The Literacy Council of Bay County opens books to open doors

For many, the ability to read is something taken for granted, something that is done without much effort or thought. For others, literacy difficulties stand in the way of academic success, the ability to get a job or effective communication with those around them.

Fortunately for local people facing these challenges, the Literacy Council of Bay County is ready to help make reading a reality and help them achieve their life goals.

Since 1986, the Literacy Council has provided services to children and adults in Bay County, helping more than 2,000 learners during that time, according to the agency’s Facebook page.

Executive Director Kathy Rayner has led the organization for 24 years and is extremely passionate about the Council’s impact on the community. Rayner says, “LCBC’s mission is to improve the literacy skills of adults, children and families.

The Literacy Council provides the training needed to work with children or adults.The Literacy Council is an impact agency partner of United Way of Bay County and also hosts fundraisers throughout the year to make programs and services available free of charge. The United Way of Bay County website identified literacy as a priority issue for Bay County, stating, “Data from the 2019 Kids Count report shows that 56% of third graders in Bay County do not read correctly.”

A variety of different programs are offered by the Literacy Council throughout the year and during the summer months, each targeting a specific age group or need. The Adult Support Program is open year-round and hopes to connect any adult who asks for help with a guardian. According to Rayner, the completed tutor training program for adults is 10 to 12 hours long and usually divided into three classes.

“Each adult may have a different goal to achieve. Life tends to determine how committed each adult is to the program or what obstacles they may encounter, such as lack of transportation or certain family obligations,” says Rayner.

With regard to children, several initiatives are available.

From October to May, an after-school tutoring program is offered to students who need help. Additionally, a free summer tutoring program is available for students in kindergarten through third grade who have been identified as being at least a half-year or more behind in reading or math.

This effort became exponentially more important after the Michigan Legislature passed the “Third Grade Reading Act” in 2016, which states: “…third graders may repeat third grade if they have more than one level behind from the 2019-2020 school year.

Rayner says, “Our summer program typically begins in April when we contact all elementary schools in the county regarding program specifics. These schools then inform the teachers who refer the parents of the most needy children to our program.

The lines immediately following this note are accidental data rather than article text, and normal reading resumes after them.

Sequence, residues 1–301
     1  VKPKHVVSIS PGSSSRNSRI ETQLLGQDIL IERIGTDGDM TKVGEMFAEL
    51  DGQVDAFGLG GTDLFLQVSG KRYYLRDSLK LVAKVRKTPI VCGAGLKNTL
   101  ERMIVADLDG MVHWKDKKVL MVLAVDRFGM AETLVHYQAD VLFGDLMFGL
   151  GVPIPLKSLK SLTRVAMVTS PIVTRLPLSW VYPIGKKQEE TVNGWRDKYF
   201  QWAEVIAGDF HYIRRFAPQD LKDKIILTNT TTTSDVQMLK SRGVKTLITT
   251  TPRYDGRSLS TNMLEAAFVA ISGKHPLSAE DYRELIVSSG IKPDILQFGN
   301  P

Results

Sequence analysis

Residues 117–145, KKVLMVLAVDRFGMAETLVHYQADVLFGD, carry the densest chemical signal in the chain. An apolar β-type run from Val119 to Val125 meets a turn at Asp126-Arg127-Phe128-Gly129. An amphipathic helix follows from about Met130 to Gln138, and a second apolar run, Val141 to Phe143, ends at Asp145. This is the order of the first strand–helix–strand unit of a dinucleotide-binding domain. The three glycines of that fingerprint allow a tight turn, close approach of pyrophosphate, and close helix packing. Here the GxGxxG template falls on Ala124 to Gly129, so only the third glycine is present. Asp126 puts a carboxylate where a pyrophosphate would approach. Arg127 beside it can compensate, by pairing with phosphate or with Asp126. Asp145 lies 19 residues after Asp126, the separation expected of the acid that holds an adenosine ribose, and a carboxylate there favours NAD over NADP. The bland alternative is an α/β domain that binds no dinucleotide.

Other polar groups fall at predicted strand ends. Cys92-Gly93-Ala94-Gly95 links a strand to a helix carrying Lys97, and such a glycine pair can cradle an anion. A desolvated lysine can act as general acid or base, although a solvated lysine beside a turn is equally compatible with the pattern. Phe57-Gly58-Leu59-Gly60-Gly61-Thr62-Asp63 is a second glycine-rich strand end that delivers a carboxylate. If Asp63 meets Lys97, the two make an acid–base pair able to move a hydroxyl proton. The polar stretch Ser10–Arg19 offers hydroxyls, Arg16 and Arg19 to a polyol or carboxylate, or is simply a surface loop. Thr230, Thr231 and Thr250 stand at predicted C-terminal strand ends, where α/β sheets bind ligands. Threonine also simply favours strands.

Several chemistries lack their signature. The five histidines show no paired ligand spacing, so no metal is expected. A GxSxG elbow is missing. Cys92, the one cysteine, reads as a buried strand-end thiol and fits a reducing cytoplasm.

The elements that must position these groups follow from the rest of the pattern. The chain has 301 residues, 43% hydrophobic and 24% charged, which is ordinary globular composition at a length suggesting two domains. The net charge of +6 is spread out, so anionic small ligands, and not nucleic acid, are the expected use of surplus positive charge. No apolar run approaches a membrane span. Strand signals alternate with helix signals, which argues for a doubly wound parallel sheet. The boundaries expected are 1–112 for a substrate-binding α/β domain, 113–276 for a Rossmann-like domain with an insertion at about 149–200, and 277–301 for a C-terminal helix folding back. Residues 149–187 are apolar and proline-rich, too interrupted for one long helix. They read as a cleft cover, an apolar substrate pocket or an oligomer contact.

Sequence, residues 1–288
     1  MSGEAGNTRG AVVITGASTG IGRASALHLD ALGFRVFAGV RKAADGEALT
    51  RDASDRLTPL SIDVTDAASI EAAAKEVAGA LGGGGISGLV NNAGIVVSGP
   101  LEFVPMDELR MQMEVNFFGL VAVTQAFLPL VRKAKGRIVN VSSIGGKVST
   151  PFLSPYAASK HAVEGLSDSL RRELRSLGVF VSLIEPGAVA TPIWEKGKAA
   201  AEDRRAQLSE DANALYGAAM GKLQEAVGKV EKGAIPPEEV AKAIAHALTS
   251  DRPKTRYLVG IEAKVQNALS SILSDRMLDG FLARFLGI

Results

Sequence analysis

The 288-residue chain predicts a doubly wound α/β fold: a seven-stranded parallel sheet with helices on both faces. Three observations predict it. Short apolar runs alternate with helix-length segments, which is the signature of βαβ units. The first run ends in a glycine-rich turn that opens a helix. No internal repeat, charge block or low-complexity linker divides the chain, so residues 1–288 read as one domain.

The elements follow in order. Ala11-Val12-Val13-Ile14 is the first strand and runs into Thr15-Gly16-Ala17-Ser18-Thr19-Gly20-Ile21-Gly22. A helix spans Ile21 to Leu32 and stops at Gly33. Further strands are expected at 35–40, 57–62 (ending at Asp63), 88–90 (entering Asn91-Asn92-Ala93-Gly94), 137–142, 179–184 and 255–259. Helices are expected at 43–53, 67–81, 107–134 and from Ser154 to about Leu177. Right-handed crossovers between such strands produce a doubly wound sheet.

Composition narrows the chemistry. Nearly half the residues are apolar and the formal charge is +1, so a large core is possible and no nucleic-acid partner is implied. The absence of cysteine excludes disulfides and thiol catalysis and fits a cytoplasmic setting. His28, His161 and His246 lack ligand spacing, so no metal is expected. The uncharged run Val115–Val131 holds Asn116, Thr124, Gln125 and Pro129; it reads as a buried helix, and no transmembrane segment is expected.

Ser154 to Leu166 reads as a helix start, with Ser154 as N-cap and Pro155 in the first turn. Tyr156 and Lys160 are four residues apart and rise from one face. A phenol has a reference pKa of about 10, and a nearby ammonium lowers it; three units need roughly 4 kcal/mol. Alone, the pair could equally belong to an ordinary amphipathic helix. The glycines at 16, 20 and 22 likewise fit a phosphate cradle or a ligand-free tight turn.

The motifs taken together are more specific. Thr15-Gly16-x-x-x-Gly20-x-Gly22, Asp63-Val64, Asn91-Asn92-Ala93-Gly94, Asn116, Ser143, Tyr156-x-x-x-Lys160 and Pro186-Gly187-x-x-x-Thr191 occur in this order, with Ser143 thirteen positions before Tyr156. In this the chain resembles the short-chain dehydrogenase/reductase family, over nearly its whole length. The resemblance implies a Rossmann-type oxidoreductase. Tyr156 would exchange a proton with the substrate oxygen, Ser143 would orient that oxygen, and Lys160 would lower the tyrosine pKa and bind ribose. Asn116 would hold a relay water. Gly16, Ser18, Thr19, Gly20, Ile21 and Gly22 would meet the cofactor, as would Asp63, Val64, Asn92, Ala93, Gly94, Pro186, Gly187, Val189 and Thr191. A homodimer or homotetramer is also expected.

Starting in May, appointments are made with prospective students so that assessments can determine the skills each needs, and tutors can begin to gather materials and strategies needed to work with students.

Tutors then meet with students twice a week during the summer for one hour per session. Rayner explains that parental support is also a critical part of the success of the summer tutoring program. Finally, a post-evaluation is given to determine progress at the end of the summer.

“I must say that during the last summer session, our determined tutors were able to help eight of our students to take the next level who had been threatened with detention. Our tutors are the lifeblood of this agency – they do the real work,” says Rayner.

In 2021, a total of 19 adults and 57 children were assisted by volunteer tutors from the Literacy Council of Bay County. Anyone willing to help and who can pass a state background check is welcome as a guardian, according to Rayner. Many tutors are high school students, college students, or older adults. High school students can earn volunteer hours for graduation requirements.

The Literacy Council of Bay County partners with the Toni and Trish House for an annual “Empty Bowls” fundraiser. “The tutor trainings for the youth program are short and to the point,” says Rayner. “Each student will need specific skills and we can show the tutor how to do it while ‘making the session fun’. I always tell the tutor that they will know more about their student after two sessions than I do.

Rayner says being on the Council is full of rewarding experiences, both immediately and long after.

“A few weeks ago, I would have said that seeing individuals achieve success and improve their own lives and those of their families was very rewarding. But lately it has come to our attention that we have young students coming to see us because a parent (or another parent) came to us for help years ago and was successful. When you see our tutors making a difference in more than one generation…it’s rewarding. That’s why I’m still here and that’s why the Council is still here.

The Empty Bowls fundraiser includes a soup contest, silent auction, raffles and more.Her belief in the importance of community-wide literacy is unwavering and is part of why she has served the Council for so long.

“A more literate community is a more prosperous community. Salaries are better [and] businesses tend to locate in more prosperous communities. But apart [that]literacy and the ability to read and understand are a matter of quality of life.

Anyone interested in tutoring or receiving services from the Council should call Rayner at (989) 892-5002 or email

About Joey J. Hott

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